Dieters, in their quest to consume fewer calories, often opt to drink diet soda instead of sodas with sugar in them. It turns out that drinking diet soda may not be a very good strategy for losing weight. Research that was performed at the University of Texas Health Science Center San Antonio (and presented at the June 25, 2011 American Diabetes Association’s Scientific Sessions) found a link between diet soda consumption and girth.
The researchers monitored 474 subjects for nearly a decade. They measured the weight, height, and waist circumference of the subjects every 3.6 years. They also kept track of diet soft drink intake. They found that the weight and waist circumference of the subjects increased proportionally to the amount of diet soda consumed. “On average, for each diet soft drink our participants drank per day, they were 65% more likely to become overweight during the next seven to eight years, and 41% more likely to become obese,” said Sharon Fowler, who was a faculty associate in the division of clinical epidemiology in the Health Science Center’s department of medicine at the time.
Another study, presented at the same meeting, showed a connection between aspartame consumption and weight gain in mice. Mice fed food that was high in aspartame (an artificial sweetener sold under the brand name NutraSweet) actually had higher blood sugar levels than mice not fed aspartame.
One of the researchers, postulated that aspartame could trigger an increase in appetite, but do nothing to satisfy it. It can interfere with the body’s ability to feel full and can cause overeating.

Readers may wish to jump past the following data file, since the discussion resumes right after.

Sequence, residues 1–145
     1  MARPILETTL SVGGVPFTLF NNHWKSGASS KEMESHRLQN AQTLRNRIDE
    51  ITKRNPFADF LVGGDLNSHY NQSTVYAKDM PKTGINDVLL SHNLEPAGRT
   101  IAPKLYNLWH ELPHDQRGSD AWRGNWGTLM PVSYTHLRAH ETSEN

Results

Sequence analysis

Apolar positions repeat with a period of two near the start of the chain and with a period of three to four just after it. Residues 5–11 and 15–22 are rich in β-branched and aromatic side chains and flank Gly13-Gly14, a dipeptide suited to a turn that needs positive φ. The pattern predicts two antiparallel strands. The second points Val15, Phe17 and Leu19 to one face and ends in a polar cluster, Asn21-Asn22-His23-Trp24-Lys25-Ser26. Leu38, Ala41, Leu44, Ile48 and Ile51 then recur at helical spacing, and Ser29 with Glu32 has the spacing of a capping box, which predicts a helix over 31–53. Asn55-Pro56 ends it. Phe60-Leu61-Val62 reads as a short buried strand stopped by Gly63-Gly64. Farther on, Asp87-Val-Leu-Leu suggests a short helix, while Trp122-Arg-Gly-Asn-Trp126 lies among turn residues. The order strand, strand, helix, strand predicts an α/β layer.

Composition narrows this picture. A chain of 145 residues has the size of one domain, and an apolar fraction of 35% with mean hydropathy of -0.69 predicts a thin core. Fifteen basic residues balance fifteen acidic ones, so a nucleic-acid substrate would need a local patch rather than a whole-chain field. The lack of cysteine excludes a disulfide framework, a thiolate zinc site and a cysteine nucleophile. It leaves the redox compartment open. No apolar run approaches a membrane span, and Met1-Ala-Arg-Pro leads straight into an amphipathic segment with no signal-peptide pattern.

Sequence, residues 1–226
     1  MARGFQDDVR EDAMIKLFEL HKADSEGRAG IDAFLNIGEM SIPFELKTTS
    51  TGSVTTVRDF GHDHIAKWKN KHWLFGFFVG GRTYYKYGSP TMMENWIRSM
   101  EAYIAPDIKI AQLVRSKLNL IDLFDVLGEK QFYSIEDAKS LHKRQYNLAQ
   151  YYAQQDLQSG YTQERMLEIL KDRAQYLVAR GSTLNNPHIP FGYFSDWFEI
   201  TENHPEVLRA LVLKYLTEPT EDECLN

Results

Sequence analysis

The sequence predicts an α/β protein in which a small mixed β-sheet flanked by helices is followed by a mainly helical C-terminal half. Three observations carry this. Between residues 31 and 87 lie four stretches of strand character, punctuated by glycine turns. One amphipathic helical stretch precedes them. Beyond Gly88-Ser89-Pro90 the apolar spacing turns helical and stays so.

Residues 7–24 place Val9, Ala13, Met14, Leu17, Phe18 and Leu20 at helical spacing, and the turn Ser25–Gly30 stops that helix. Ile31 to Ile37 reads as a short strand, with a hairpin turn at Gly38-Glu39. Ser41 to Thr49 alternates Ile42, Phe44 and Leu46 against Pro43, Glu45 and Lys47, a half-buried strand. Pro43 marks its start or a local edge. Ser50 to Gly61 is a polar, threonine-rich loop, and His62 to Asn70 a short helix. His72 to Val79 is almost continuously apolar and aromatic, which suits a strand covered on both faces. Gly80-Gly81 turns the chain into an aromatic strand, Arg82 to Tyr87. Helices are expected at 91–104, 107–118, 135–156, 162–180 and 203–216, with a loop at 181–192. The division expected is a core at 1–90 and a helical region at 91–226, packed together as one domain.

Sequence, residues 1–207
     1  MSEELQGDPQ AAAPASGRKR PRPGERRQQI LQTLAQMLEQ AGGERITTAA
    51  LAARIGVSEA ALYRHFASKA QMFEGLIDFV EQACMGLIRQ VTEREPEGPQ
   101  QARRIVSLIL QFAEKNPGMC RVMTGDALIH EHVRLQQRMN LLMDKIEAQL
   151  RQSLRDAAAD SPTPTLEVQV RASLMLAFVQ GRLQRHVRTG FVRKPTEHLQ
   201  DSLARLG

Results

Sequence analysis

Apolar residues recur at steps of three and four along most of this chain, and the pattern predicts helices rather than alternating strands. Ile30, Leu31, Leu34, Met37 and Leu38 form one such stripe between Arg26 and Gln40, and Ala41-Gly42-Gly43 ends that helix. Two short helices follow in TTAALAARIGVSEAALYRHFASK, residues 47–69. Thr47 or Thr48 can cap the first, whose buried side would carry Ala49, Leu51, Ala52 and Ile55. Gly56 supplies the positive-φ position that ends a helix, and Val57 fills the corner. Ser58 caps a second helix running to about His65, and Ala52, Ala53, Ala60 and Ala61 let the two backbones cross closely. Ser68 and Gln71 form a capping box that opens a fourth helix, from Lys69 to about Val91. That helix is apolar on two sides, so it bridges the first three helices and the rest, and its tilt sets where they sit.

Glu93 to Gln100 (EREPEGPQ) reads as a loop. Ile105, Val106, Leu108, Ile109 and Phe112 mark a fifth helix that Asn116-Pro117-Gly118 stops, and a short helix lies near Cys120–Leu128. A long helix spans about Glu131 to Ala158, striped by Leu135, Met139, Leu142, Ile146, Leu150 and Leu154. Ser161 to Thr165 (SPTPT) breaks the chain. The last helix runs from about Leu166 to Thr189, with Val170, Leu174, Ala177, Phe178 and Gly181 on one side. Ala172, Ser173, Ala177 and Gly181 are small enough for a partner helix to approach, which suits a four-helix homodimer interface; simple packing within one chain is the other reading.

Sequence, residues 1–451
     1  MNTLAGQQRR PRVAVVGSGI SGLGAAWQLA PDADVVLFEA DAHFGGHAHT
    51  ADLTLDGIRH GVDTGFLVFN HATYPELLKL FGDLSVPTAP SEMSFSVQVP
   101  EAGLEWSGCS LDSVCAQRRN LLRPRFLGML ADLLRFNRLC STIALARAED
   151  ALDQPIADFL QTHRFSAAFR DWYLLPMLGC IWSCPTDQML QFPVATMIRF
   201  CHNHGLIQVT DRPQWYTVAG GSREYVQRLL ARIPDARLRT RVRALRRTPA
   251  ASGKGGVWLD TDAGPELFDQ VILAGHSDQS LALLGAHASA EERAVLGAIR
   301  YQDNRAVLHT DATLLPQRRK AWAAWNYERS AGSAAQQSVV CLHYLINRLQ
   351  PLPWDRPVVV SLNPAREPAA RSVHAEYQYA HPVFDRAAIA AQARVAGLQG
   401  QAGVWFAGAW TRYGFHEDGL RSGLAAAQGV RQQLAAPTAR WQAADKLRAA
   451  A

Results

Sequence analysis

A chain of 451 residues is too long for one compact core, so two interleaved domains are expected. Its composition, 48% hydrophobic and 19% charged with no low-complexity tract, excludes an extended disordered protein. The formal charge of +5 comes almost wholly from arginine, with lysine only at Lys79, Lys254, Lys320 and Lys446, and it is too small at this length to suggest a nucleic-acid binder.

The taste buds may perceive that the drink is sweet, but the brain knows the difference. One study found that women could not tell the difference between sugar and Splenda in taste tests. When the brain was viewed with functional MRI scans, it was determined that the brain’s reward center responded more completely to sugar than to artificial sweetener. “Your senses tell you there’s something sweet that you’re tasting, but your brain tells you, ‘actually, it’s not as much of a reward as I expected,’” Dr. Martin P. Paulus, a professor of psychiatry at the University of California San Diego and one of the study’s authors.
“Data from this and other prospective studies suggest that the promotion of diet sodas and artificial sweeteners as healthy alternatives may be ill-advised,” said Helen P. Hazuda, Ph.D., professor and chief of the Division of Clinical Epidemiology in the School of Medicine. “They may be free of calories but not of consequences.”
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